Foreign influence sinks rebels’ morale to its lowest in Idlib
LONDON - Syrian President Bashar Assad’s regime, supported by Russia and, in a more deniable form, Iran, began an offensive against the last insurgent-held enclave in Syria, Idlib, in late April. Until a month ago, this looked like an embarrassing fiasco: with a minimal increase in Turkish support to its rebel proxies, pro-Assad forces gained about 1% of the southern part of “Greater Idlib.”
In the last fortnight, however, the pro-Assad coalition has made important breakthroughs that could prove decisive.
The Assad regime declared a ceasefire in Idlib on August 1 but it was quickly clear this was meaningless and the regime openly repudiated the ceasefire within four days. Savage aerial attacks recommenced on rebel bastions including Kafr Zayta, Latamina and Khan Sheikhoun, the latter a key focus of the offensive from pro-Assad forces that tried to besiege northern Hama.
At the other end of the Idlib pocket, near Kabani, administratively part of Latakia governorate, the pro-Assad coalition attacked, clearly to stretch insurgent capacity.
Though thousands of people were displaced by indiscriminate Assad regime and Russian air strikes, insurgent coordination — between the Turkish-supported mainstream rebels and the jihadists of Hayat Tahrir al-Sham (HTS) — remained relatively solid.
Other Turkish proxies from Efrin entered Idlib to fortify insurgent lines, a proposal that HTS had previously vetoed. The pro-Assad forces are struggling to make headway on the Kabani front but the Hama front has begun to break their way.
There was never doubt that Assad and Iran regard the recapture of Idlib — and every other inch of Syrian territory — as an existential security issue and would only allow the area to remain outside of its control for as long as it was forcibly prevented from doing otherwise.
Likewise, there was no doubt that, when the moment came for the Assad/Iran system to make its move on Idlib, it would be assisted by Vladimir Putin’s Russia. Whatever daylight there is between Moscow and Tehran over Syria, it will never amount to an exploitable schism. That the Russia-Iran strategic relationship has been misread by the United States, Israel and — most important in this case — Turkey remains one of the enduring mysteries of the Syrian war.
Turkey arranged an Idlib ceasefire with Russia in September 2018 that was welcomed internationally as a reprieve. It was a poisoned offering. On its own terms, the accord put the initiative in the hands of the pro-Assad forces. By laying the emphasis on the terrorism issue related to HTS and conditioning the truce on Ankara dismantling HTS, which the Turks could not do and which would only have smoothed the way for the pro-Assad offensive had it succeeded, it left the Russians with a standing pretext. This dynamic has now played out.
When Putin met with French President Emmanuel Macron on August 19, the Russian president was able to, in effect, say he was respecting Macron’s call for implementing the Sochi agreement by not preventing the Assad offensive that was going to “end these terrorist threats.”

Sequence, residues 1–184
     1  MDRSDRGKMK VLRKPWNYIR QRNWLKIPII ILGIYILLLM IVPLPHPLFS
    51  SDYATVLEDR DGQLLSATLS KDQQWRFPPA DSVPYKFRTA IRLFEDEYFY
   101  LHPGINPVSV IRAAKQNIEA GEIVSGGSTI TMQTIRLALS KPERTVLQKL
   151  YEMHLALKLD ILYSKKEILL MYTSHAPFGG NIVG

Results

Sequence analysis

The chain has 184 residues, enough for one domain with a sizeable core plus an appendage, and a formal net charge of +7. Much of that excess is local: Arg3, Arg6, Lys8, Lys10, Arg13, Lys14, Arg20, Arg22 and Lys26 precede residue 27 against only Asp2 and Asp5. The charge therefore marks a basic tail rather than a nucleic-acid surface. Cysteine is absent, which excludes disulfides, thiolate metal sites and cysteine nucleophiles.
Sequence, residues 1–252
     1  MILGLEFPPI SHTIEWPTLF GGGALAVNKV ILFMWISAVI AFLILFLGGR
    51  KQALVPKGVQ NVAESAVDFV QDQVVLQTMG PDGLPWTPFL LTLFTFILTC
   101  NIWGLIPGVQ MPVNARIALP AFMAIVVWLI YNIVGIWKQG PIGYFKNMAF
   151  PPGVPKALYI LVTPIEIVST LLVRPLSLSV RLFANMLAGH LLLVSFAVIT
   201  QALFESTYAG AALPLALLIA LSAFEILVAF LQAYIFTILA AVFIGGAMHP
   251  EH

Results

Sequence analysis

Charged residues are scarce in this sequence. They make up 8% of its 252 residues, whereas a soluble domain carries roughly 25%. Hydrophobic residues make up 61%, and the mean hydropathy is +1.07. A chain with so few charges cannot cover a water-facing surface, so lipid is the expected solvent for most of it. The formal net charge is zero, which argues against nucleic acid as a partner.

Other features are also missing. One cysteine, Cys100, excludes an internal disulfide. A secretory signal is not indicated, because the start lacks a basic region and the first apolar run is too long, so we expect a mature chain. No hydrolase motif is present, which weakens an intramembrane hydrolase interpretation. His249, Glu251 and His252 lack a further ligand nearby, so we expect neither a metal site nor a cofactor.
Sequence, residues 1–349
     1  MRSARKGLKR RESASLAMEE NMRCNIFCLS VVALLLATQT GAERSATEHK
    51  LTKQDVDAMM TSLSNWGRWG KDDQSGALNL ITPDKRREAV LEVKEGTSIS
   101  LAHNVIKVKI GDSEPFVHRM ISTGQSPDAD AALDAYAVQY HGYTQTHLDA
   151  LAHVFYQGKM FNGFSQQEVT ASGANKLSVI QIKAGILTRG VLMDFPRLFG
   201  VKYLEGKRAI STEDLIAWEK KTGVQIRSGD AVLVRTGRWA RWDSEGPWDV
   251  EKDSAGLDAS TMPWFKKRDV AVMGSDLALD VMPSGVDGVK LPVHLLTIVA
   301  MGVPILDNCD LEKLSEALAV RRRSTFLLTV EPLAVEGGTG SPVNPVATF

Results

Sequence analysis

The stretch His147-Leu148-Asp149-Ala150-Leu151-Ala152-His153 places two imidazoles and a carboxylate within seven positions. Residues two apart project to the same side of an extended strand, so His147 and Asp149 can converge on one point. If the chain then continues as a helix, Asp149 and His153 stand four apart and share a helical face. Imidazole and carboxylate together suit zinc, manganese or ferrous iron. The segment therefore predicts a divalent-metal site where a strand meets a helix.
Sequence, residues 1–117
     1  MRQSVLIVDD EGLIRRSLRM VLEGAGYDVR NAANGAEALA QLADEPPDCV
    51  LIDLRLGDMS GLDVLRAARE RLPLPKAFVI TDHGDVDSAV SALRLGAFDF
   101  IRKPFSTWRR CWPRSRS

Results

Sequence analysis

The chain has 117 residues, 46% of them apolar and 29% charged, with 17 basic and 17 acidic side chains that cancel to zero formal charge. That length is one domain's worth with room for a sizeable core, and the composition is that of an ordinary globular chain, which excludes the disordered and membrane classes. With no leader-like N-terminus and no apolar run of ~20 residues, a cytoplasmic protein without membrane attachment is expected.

Sochi “never said that in Idlib terrorists would feel comfortable,” Putin added.
It is little wonder Putin felt free to humiliate Macron in his own country given his generally cringing tone and approach. After all, Putin brazenly interfered in France’s democracy to try to prevent Macron being elected and here Macron was offering a “multilateral… architecture” between the European Union and Russia based on “trust.”
The final hurdle was Turkey. In May 2018, Ankara completed its 12th and final observation post in Idlib. Those positions were understood to be political tripwires that were essentially militarily indefensible. The thinking went that Moscow would prevent the pro-Assad coalition attacking Turkish positions because it wanted to keep its entente with Turkey so it could continue to sow divisions in NATO and Turkey could escalate if challenged.
The first assumption was deeply flawed and it was up to Turkey to demonstrate the second when it was tested. This did not happen.
By August 22, the pro-Assad coalition had captured Khan Sheikhoun, severing the northern Hama portion of “Greater Idlib” and besieging a pocket that included a Turkish observation post at Morek. Any deterrent effect the Turkish observation posts had evaporated if Ankara’s reaction to this aggression is anything but escalatory force — and there is no indication Turkey is thinking in such terms. To the contrary, it seems likely that Turkey will opt for an evacuation, possibly arranged through the Russians.
Any Turkish deal with Moscow to recover its own people would mean even further concessions to be paid by Ankara’s rebel allies and this would compound a situation in which there is every indication that rebel morale is breaking.
Accusations of treachery are beginning to be exchanged between insurgents, a tell-tale sign of an impending loss when factions try to pre-emptively assign blame.
The sheer scale of the casualties inflicted by the pro-Assad coalition’s increased use of indiscriminate air power has done much to bring this about but recent events are only part of the story. The attrition and demoralisation as the revolution realised its defeat and its remnants came under foreign influence are trends that hollowed out Idlib’s defences long ago.